CORVALLIS, Ore. (KOIN) — At first glance, you might confuse the bracelet as a Livestrong band or any other stretchable “for-a-cause” wrist accessory. And, to a certain extent, you’d be right.
But these orange and black silicone polymer bracelets, embroidered with Oregon State’s name on them, are telling scientists and researchers at the university what chemicals are in the waters of the Houston-area after Hurricane Harvey.
“If you were to (buy a bracelet like this one) at the supermarket and wear one, they would actually collect samples,” said Kim Anderson, an environmental chemist at Oregon State.
Anderson said her group has been studying passive sampling for about 20 years, and now they’re using it for areas affected by Harvey. Anderson and some fellow researchers and students flew to Texas on Sept. 19 and distributed hundreds of the bracelets to partnering communities interested in learning more about chemicals in their water and what they may have been exposed to.
“It’s kind of a unique chemical exposure window,” Anderson said.
It’s also something Anderson and her team have been preparing a while for. They wanted to use the bracelets during the 2010 BP Oil Spill, but they couldn’t get approval from an institutional board review in time. Still, they got the product reviewed, to ensure it was safe for people to wear, just in case. With Harvey, another opportunity arose.
“We’ve always been preparing for an environmental disaster like the firemen and first respondents,” Anderson said, “but are were the second wave.”
Before they could distribute the bracelets, they had to see if people were interested. The response, Anderson said, was overwhelmingly positive. They partnered with Baylor and other local colleges to give the bracelets and study the samples, which were purified and sealed in air-tight bags to prevent any previous exposure.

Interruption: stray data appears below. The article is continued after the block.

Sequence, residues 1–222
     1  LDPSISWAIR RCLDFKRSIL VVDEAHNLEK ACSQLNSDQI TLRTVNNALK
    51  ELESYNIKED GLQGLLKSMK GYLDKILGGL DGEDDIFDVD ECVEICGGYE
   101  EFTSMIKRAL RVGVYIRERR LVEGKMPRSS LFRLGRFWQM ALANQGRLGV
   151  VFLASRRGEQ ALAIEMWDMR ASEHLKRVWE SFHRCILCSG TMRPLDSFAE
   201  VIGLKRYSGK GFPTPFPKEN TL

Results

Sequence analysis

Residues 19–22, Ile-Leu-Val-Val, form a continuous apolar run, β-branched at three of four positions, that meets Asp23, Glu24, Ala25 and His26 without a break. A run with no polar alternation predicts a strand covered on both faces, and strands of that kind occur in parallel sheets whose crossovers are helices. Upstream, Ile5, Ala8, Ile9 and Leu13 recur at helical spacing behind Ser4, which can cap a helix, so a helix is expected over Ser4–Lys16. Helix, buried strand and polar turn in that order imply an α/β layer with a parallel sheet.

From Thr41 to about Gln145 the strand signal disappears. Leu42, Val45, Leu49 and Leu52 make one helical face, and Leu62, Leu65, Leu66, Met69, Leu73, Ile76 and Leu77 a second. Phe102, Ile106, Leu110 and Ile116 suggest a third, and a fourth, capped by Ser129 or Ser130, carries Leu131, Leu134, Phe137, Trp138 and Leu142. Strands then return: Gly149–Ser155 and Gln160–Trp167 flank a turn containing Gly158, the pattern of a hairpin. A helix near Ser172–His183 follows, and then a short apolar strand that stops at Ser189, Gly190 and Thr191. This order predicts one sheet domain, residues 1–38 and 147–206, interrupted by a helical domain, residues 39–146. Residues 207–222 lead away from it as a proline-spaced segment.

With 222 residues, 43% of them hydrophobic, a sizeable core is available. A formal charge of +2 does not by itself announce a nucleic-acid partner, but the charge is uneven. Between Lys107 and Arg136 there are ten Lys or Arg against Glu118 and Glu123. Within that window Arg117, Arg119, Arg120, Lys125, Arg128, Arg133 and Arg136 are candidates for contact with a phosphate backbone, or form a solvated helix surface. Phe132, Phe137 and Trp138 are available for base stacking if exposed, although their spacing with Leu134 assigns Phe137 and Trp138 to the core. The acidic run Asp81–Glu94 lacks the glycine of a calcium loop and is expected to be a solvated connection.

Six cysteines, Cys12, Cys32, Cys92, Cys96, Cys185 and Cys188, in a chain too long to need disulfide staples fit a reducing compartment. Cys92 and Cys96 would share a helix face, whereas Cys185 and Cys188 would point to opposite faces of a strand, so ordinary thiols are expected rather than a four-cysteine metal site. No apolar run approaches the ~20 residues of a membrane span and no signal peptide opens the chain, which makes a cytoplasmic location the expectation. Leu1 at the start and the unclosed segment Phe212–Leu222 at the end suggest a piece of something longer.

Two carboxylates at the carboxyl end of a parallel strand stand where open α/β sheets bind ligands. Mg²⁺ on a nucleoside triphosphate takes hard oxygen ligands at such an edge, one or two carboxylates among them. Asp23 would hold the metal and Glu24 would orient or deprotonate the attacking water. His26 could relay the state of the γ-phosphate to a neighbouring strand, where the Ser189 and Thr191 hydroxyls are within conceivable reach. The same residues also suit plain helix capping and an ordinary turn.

Then, people wore the bracelets for 7 days so the researchers could see the difference in a work-day and an off-day in an environment with chemicals that could include pesticides, dioxins and PCBs, among others. Anderson also gave the bracelets, which can absorb up to 1,500 different chemicals, to different areas to see if chemicals moved with the water. They hope to repeat the process in 6 months and a year.
“We will be able to classify better about what was a hurricane-specific exposure event and what is a typical everyday exposure event,” said Dr. Lane Tidwell.
The samples have started making the trip back from Texas to Corvallis. With some of them, Anderson said, they’ve received thank you letters. People were thankful that someone took the time and was interested in studying the situation.
“Just the opportunity to have this mystery revealed to them and what chemicals were they being exposed to,” Holly Dixon, a gradate-student on Anderson’s team, said, “we heard so many thank yous the whole night we were there.”